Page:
In 1496, an epidemic of syphilis spread to France, Italy, Germany, Switzerland, and then was registered in Austria, Hungary, Poland, which led to the death of more than 5 million people. But where did this attack come from?
According to one of the versions, Christopher Columbus brought not only tobacco, potatoes, tomatoes, corn, gold, slaves from America to Europe, but he also "took" syphilis with him. The soldiers and sailors who accompanied Columbus in the discovery of the new world caught syphilis from the aboriginal women, and upon returning home spread this disease throughout Europe.
The disease of syphilis was given this name by the Italian poet and physician Girolamo Fracastoro in 1530. Until that time in Italy it was known as the "French disease", and in France, on the contrary, as the "Italian disease". In the Netherlands, syphilis was called the "Spanish disease", in Russia - the "Polish disease", in the Ottoman Empire - the "Christian disease".
The first remedy for the treatment of syphilis - mercury compounds and mercury ointments - was proposed by the famous Paracelsus. The mercury ointment was rubbed into the legs. Mercury preparations were used for 450 years; in the USSR, until 1963, the drugs of this group were included in the clinical guidelines for the treatment of syphilis.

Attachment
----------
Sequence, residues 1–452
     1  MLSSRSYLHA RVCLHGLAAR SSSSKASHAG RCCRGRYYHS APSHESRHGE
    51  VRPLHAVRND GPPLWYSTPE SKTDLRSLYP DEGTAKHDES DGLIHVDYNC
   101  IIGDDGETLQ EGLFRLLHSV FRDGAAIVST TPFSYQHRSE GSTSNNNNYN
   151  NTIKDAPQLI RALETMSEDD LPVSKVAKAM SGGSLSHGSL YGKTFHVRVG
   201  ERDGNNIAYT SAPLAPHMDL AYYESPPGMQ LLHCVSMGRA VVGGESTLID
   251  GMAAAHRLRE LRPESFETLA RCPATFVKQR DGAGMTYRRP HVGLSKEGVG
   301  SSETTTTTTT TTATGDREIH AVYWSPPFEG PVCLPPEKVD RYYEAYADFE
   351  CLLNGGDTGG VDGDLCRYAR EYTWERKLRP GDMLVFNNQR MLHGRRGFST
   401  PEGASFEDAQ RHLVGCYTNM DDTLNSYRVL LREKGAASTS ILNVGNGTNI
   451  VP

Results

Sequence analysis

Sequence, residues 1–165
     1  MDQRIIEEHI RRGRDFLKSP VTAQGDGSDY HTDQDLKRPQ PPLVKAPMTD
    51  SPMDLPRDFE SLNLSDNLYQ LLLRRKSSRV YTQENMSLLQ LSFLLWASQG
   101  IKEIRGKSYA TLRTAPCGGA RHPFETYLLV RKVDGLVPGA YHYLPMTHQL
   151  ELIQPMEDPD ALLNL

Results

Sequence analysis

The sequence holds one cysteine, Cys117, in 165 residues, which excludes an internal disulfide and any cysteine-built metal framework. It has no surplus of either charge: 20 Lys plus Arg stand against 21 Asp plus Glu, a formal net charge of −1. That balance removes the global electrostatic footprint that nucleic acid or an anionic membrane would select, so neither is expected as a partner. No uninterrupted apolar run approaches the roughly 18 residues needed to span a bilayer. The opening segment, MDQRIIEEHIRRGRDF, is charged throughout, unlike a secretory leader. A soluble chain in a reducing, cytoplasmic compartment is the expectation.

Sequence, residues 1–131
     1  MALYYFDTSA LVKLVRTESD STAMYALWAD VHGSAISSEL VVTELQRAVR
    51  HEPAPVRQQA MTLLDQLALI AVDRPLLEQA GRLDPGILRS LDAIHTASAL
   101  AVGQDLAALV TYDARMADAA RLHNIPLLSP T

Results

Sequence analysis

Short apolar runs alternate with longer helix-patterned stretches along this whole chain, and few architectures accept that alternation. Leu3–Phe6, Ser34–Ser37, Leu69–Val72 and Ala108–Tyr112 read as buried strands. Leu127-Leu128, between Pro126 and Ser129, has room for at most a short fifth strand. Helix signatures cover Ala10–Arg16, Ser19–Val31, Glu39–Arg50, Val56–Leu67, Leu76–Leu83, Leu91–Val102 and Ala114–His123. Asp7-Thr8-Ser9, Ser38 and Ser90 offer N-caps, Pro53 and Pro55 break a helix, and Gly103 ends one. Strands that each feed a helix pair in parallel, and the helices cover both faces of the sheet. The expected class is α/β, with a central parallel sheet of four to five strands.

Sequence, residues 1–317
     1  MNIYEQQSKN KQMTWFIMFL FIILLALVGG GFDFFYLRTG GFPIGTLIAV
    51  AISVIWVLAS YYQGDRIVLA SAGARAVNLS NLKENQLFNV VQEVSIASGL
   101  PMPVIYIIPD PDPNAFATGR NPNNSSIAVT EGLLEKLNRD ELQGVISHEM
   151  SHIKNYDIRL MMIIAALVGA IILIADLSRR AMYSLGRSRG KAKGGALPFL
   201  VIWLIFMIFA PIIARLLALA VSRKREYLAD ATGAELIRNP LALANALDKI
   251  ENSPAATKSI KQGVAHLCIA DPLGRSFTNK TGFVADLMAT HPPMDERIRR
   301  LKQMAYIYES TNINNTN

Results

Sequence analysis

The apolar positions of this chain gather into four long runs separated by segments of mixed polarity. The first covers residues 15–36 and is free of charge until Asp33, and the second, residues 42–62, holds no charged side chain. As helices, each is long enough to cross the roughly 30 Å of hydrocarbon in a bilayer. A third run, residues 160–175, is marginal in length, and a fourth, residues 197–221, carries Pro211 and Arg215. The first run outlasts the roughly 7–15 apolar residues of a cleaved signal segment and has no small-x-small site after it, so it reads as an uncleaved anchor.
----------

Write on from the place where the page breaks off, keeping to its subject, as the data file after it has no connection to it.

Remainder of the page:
Great confusion in the study of syphilis was introduced by the British surgeon John Hunter (in some sources Genter). To prove that the manifestations of syphilis and gonorrhea belong to the same disease, in 1767 he inoculated into the head of the penis and on the foreskin pus from the urethra of a patient with gonorrhea ... and fell ill with syphilis. To his joy, he did not even realize that the patient was sick with both diseases. As a result of this oversight, the belief that the manifestations of syphilis and gonorrhea represent different forms of the course of the same disease prevailed for more than 100 years.
The Frenchman Philippe Ricord, during research from 1831 to 1837, infected 700 people (mostly prisoners) with syphilis and 667 with gonorrhea.
Some untreated patients with syphilis remain chronic carriers of pale treponema without symptoms of tertiary syphilis all their lives.
Syphilis is transmitted from one partner to another through saliva during a kiss, through any common object (spoon, cup, toothbrush, lipstick, cigarette, etc.), which has a non-dried discharge containing pale treponema. Syphilis that has arisen in this way is called common syphilis.